Photo Credit: Pawel Dwulit/Bloomberg

Low oil prices drag down Canadian dollar


The Canadian dollar dipped to a 12-year low on Wednesday morning, pushed below 71 cents U.S. by low oil prices and interest rate differences with the Federal Reserve.

Early Wednesday, the loonie was trading at 70.90 cents U.S., down 0.55 of a cent. That’s the lowest level on record for Canada’s currency since the summer of 2003.

“Whether we as Canadians like it or not, lower oil prices are a negative for the economy and they are negative for the Canadian dollar,” said Douglas Porter, chief economist and managing director at BMO Financial Group. “As a very significant oil producer and exporter, lower oil prices are negative for our currency.”

(click to listen to the interview with Douglas Porter, chief economist and managing director at BMO Financial Group)

Interest rate difference

There are at least two other cross currents at play as well, said Porter.

“On top of oil prices we’ve actually had Canadian interest rate policy and U.S. interest rate policy going the opposite directions this past year,” Porter said. “So we’ve had the Bank of Canada cut interest rates twice, while the U.S. central bank, the Federal Reserve, has actually raised interest rates. That is extremely unusual.”

And the third thing to keep in mind is that this not just a Canadian dollar story, Porter said, many other currencies are weakening against the U.S. dollar.

Manufacturing slow to recover

At the same time, the benefits of the lower loonie for Canada’s manufacturing and service sectors have been very slow in coming, Porter said.

There are some indications that Canadian exports from non-resource sectors are starting to pick up and more American tourists are beginning to arrive in Canada, he said.

“But the lower Canadian dollar hasn’t delivered the oomph for the drive it may have produced in decades gone by,” Porter said. “I think part of that is just due to the fact that Canada has lost a lot industrial capacity in the last ten years.”

Craig Wright, chief economist at RBC, said one of the problems for an export oriented country like Canada is that global trade hasn’t really recovered from the 2008 financial crisis.

(click to listen to the interview with Craig Wright, chief economist at RBC)


“I think we’re also seeing a number of special factors holding back Canadian exports,” Wright said. “Sluggish growth in the early part of 2015, in the U.S. we had some auto shutdowns, we had some energy disruptions and that kind of weighed on 2015 exports.”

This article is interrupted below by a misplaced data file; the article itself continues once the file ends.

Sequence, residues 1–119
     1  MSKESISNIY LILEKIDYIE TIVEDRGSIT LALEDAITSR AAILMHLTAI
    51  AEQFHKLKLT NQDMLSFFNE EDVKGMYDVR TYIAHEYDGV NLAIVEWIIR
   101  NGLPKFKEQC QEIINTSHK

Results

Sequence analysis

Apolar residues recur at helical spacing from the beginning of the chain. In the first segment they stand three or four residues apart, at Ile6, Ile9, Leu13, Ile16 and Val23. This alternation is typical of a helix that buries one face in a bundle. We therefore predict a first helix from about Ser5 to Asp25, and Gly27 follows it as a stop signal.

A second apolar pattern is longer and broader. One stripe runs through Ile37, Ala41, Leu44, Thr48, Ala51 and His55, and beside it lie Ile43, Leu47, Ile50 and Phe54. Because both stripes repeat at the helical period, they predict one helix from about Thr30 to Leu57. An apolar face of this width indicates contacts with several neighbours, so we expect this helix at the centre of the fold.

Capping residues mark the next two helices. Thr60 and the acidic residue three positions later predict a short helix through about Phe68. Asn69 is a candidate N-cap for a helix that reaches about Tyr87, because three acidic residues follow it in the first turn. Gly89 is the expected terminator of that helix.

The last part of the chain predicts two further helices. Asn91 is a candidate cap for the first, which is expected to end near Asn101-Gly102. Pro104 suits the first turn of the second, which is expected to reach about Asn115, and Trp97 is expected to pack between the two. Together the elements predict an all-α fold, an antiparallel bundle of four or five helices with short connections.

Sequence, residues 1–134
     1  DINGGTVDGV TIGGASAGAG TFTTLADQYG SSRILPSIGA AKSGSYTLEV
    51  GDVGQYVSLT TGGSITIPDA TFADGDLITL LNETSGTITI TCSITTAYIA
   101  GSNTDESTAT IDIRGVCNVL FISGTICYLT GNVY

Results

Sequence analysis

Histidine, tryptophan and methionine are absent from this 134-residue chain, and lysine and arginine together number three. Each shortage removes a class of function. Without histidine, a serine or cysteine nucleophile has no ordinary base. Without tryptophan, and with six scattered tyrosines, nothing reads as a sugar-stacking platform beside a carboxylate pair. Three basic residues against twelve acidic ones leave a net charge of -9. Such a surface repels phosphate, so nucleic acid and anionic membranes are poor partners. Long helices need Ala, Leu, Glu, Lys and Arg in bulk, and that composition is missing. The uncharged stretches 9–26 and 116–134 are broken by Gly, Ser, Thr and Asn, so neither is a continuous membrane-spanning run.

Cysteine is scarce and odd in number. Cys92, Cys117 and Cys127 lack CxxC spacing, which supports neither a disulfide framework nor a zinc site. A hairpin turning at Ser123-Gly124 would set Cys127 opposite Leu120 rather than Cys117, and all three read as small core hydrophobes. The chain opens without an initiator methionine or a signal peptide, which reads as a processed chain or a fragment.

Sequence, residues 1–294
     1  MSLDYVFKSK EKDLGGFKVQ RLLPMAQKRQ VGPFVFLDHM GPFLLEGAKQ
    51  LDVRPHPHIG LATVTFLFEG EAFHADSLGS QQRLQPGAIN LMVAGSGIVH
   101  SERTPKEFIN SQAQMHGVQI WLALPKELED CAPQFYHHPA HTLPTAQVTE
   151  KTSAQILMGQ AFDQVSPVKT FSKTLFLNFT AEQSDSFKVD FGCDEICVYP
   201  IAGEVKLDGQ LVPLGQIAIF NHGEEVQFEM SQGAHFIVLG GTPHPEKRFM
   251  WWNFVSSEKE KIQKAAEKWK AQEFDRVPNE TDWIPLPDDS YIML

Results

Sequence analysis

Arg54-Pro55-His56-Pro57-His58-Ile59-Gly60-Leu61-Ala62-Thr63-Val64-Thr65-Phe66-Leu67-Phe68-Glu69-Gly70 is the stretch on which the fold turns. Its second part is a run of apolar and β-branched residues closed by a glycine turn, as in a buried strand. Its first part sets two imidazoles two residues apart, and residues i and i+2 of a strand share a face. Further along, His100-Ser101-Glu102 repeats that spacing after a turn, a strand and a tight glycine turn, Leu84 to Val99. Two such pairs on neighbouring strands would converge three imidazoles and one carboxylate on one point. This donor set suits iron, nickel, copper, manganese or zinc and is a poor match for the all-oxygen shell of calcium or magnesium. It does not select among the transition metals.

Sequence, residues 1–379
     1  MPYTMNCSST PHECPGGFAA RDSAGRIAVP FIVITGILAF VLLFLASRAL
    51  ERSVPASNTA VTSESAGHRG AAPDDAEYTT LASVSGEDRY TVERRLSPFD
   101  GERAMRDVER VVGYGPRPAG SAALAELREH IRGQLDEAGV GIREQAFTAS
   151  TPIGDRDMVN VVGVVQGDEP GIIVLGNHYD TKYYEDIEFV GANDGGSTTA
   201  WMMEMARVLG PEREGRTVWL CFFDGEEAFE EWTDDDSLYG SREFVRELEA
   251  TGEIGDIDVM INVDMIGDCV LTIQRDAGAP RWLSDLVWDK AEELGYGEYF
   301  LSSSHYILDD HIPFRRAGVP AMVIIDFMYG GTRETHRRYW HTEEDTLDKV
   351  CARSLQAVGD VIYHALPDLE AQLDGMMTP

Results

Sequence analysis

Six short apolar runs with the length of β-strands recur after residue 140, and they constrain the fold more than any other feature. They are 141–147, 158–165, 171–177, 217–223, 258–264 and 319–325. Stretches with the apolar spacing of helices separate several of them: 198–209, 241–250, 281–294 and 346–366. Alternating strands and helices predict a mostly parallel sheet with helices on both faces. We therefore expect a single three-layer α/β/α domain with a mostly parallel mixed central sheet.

Still Porter and Wright said they believe the weak currency will eventually reap bigger benefits for the Canadian manufacturing, tech and tourism sectors.

“But it is going to take some time,” said Porter. “It’s not like a light switch, it doesn’t happen overnight.”

Loonie falling lower?

In the meantime, he would not be surprised if the Canadian dollar weakens even further until oil and other commodity prices stabilize, Porter said.

He doesn’t rule out the possibility of the Canadian dollar dipping to the 69 cents mark in the near term until it returns to about 75 cents by the end of 2016, Wright said.

Especially since in the short term the situation with oil prices is further complicated by the politics of oil, he said.

“The old adage is ‘the best cure or low oil prices is low oil prices,’ because supply gets cut back and demand starts to improve,” Wright said. “But this time I think it’s more about the politics of oil prices. We’re seeing a sort of game change in the thinking of Saudi Arabia and OPEC in general and that’s contributing to the ongoing weakness.”

And the situation with the oversupply of oil could get more serious as Iran enters the market this year while North American producers keep pumping more oil.

“They seem to be moving a lot quicker than anyone suspected,” Wright said.

In the meantime, Wright said he will be waiting to see whether Bank of Canada Governor Stephen Poloz signals another interest rate cut on Thursday and the employment numbers released by Statistics Canada later this week.

“Employment has been one of the pleasant surprises for Canada and that’s providing some stability notwithstanding some weakness we see in day-to-day employment, on the monthly basis still creating 12,000 jobs,” Wright said.

Many of those jobs are in the manufacturing sector, suggesting that the manufacturing sector might finally be showing signs of revival.

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